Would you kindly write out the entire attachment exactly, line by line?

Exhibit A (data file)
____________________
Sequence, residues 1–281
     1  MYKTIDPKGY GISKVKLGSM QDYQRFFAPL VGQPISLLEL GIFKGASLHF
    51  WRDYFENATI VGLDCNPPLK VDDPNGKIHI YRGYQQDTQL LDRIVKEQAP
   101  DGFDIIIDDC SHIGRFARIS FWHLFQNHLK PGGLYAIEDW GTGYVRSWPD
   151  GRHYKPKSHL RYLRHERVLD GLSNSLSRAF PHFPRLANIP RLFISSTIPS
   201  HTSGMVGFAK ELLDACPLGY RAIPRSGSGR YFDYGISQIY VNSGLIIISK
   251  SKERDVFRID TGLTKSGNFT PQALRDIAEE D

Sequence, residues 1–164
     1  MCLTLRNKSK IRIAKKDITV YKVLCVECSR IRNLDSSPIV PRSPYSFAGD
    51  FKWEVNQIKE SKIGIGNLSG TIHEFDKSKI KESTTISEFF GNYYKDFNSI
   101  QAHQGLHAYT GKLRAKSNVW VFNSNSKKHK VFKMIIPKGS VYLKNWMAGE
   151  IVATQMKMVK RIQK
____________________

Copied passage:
Sequence, residues 1–281
     1  MYKTIDPKGY GISKVKLGSM QDYQRFFAPL VGQPISLLEL GIFKGASLHF
    51  WRDYFENATI VGLDCNPPLK VDDPNGKIHI YRGYQQDTQL LDRIVKEQAP
   101  DGFDIIIDDC SHIGRFARIS FWHLFQNHLK PGGLYAIEDW GTGYVRSWPD
   151  GRHYKPKSHL RYLRHERVLD GLSNSLSRAF PHFPRLANIP RLFISSTIPS
   201  HTSGMVGFAK ELLDACPLGY RAIPRSGSGR YFDYGISQIY VNSGLIIISK
   251  SKERDVFRID TGLTKSGNFT PQALRDIAEE D

Sequence, residues 1–164
     1  MCLTLRNKSK IRIAKKDITV YKVLCVECSR IRNLDSSPIV PRSPYSFAGD
    51  FKWEVNQIKE SKIGIGNLSG TIHEFDKSKI KESTTISEFF GNYYKDFNSI
   101  QAHQGLHAYT GKLRAKSNVW VFNSNSKKHK VFKMIIPKGS VYLKNWMAGE
   151  IVATQMKMVK RIQK